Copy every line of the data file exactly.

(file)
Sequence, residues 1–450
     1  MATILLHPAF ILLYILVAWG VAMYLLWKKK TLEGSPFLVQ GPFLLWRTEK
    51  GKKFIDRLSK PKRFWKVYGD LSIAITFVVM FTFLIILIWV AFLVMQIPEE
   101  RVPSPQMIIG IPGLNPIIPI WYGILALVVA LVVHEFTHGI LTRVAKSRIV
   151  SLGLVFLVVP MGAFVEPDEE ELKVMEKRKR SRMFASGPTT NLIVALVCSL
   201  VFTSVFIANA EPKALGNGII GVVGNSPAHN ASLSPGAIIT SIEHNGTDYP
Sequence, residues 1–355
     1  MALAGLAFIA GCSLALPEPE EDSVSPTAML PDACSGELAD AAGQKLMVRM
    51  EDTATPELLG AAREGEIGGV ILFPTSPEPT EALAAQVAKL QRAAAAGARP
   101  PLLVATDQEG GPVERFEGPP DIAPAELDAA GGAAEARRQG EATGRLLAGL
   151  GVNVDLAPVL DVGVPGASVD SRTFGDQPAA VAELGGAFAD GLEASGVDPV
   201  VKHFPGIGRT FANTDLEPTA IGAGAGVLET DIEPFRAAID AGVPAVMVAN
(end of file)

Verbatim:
Sequence, residues 1–450
     1  MATILLHPAF ILLYILVAWG VAMYLLWKKK TLEGSPFLVQ GPFLLWRTEK
    51  GKKFIDRLSK PKRFWKVYGD LSIAITFVVM FTFLIILIWV AFLVMQIPEE
   101  RVPSPQMIIG IPGLNPIIPI WYGILALVVA LVVHEFTHGI LTRVAKSRIV
   151  SLGLVFLVVP MGAFVEPDEE ELKVMEKRKR SRMFASGPTT NLIVALVCSL
   201  VFTSVFIANA EPKALGNGII GVVGNSPAHN ASLSPGAIIT SIEHNGTDYP
Sequence, residues 1–355
     1  MALAGLAFIA GCSLALPEPE EDSVSPTAML PDACSGELAD AAGQKLMVRM
    51  EDTATPELLG AAREGEIGGV ILFPTSPEPT EALAAQVAKL QRAAAAGARP
   101  PLLVATDQEG GPVERFEGPP DIAPAELDAA GGAAEARRQG EATGRLLAGL
   151  GVNVDLAPVL DVGVPGASVD SRTFGDQPAA VAELGGAFAD GLEASGVDPV
   201  VKHFPGIGRT FANTDLEPTA IGAGAGVLET DIEPFRAAID AGVPAVMVAN